“I realized, only when everything was stripped from me, that I was happy without things. The people I was trying to impress, didn’t really care about me. And the one person who really did care about me, my mother, didn’t care what I wore or which car I drove, or how much I was making; she just wanted me to be there.”
The most dangerous thing that we can do, is compare. When we compare, we neglect all that we are, and never experience true satisfaction in who we are.
“We believe that if we were to have more material things, our status and or happiness would be elevated; so, we end up basing our lives off of societally imposed judgments. When you feed into that judgment, it leads to self-created pain, and the majority of the pain that we feel is crafted in our own internal eco-systems.”
Wanting things and striving towards the attainment of such things, isn’t where the problem resides. The problem with always wanting more than what we have is that we neglect the present moment and who we are in the said moment. The present moment is the only moment in which happiness and health reside, and if neglected, one’s life will be lived desensitized to the magic that’s in the now.
“I want nice things, but I don’t want them to the point that if I don’t have them, I feel pain. My purpose is, first and foremost, to love myself, and from that place of self-love, my power can then emanate.”
Our purpose as human beings is to be. It’s funny that we’re called human beings, yet we’re so busy doing. If we were to slow down, calm the mental chatter, and move from a place of authentic self-expression and self-love, the majority of the pain that we feel would fall away, because, in reality, it was never really there.
“People have to understand that a lot of pain is self-created, and they’re going to have to get very creative with themselves about finding ways to turn that pain into their purpose."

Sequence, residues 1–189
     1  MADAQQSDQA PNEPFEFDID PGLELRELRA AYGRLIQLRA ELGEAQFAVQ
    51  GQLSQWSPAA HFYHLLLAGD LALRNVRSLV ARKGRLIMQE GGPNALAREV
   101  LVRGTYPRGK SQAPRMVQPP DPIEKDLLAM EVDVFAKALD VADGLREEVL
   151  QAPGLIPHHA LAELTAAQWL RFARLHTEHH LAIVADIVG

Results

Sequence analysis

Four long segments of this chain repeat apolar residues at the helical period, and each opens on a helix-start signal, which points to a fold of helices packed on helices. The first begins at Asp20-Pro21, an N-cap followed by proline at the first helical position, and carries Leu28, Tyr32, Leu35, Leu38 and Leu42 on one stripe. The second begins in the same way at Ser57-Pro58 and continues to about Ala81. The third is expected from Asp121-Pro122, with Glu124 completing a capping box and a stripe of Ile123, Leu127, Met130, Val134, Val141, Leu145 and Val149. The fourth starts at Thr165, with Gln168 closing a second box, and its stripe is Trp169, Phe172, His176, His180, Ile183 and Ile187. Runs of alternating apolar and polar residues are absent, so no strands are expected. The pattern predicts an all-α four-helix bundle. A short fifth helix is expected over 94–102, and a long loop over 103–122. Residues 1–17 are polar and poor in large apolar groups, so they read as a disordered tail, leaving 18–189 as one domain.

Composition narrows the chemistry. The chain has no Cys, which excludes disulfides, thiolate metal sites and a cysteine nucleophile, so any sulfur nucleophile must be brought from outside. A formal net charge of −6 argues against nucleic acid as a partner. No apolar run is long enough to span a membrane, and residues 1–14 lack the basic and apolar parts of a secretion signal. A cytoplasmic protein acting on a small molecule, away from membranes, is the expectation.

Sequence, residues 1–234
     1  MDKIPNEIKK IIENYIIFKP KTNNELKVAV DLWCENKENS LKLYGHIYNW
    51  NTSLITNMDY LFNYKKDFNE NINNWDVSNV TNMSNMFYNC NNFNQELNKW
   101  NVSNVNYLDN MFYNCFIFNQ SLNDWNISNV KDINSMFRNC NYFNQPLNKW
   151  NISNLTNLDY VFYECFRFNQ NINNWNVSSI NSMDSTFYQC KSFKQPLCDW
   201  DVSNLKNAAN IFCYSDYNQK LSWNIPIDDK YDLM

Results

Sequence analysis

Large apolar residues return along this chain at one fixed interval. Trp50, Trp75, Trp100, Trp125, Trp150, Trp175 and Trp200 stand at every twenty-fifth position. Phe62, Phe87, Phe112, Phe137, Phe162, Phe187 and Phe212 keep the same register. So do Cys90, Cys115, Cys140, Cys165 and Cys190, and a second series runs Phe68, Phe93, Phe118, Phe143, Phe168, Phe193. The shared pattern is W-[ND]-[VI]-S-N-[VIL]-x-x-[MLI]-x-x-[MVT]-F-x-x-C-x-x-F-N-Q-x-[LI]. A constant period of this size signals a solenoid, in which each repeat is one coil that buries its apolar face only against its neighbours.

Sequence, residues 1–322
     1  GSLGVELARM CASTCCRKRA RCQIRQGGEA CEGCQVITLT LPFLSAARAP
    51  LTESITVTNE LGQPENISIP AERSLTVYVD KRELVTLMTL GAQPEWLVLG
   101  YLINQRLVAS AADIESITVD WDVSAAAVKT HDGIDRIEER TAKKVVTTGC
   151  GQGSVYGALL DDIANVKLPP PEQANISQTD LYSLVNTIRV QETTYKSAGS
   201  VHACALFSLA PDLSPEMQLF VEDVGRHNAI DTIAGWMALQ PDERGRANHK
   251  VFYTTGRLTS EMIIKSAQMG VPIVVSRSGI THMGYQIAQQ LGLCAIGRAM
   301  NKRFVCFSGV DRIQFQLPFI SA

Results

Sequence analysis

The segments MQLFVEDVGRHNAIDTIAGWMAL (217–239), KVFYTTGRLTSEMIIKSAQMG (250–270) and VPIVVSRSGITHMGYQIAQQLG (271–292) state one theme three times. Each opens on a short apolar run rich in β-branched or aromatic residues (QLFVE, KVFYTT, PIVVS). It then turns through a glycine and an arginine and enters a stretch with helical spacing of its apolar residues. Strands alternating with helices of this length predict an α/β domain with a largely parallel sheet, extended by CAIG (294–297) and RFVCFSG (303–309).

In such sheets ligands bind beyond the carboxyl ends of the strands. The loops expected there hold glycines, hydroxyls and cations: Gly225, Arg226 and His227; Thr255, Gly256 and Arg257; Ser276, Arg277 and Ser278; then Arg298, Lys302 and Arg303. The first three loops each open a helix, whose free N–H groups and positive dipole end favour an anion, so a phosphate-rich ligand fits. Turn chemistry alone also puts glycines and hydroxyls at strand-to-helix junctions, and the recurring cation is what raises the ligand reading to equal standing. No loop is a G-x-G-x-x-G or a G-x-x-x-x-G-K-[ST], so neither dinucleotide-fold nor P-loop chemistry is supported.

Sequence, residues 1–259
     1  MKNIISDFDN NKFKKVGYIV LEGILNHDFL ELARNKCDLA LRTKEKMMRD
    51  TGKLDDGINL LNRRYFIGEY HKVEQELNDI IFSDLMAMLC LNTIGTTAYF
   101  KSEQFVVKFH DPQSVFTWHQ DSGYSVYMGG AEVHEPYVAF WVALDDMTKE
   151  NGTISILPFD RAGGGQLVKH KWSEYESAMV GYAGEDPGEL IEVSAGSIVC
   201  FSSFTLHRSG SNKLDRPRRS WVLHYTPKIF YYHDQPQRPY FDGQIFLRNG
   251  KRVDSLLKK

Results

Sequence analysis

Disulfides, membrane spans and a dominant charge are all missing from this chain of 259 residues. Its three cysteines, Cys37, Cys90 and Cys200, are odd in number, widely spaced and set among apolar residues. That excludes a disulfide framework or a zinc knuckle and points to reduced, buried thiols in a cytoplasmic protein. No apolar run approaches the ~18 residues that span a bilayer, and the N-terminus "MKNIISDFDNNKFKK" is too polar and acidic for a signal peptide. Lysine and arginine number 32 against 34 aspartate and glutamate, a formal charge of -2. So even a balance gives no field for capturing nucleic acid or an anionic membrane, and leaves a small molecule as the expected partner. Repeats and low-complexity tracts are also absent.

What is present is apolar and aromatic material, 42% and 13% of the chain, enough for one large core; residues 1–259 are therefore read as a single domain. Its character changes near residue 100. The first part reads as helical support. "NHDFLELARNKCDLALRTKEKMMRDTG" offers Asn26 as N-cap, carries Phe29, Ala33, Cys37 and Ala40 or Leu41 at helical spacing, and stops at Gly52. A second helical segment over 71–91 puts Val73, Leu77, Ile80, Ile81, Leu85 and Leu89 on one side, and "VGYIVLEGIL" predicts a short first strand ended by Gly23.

Stripping ourselves of the idea that happiness can be attained externally, is the first step in finding one’s purpose. When we move from a place of inward contentment and inward fulfillment, we come to find that each step thereon is in fact in the right direction.
“I feel like it’s my duty as a human being, to make the world more positive, even if I know the world will never be 100% positive.”
Halim uses his artistic talents and self-expression to promote change, revolution, and justice. In Halim’s opinion, this promotion of positivity is not only important but is necessary.
“I love positivity, and I love positive people; It doesn’t matter what religion they are, what gender, or where they come from. I just love optimistic people, it feels good being around them.”
Sometimes life gets us down, it’s an inescapable reality that we end coming face to face with. Yet, in these times of sadness and despair, we are met with people who lift us from our dark places; people who change our outlook on our situations and help us in moving forwards.
“I don’t care too much for drinking and partying, but what I am addicted to, is positive people and learning.”
We need to experience the negative to appreciate the positive.
Yet, there's a difference between living in negativity, and experiencing negative circumstances. As Thich Nhat Hanh quoted, “When suffering comes up, we have to be present for it. We shouldn’t run away from it or cover it up with consumption, distraction, or diversion. We should simply recognize it and embrace it.”
– Excerpt from ‘The Art of Living’, by Thich Nhat Hahn.
“The work that I do, and that I love to be, helps people go through those negative cycles consciously, with more awareness and with more compassion towards themselves.”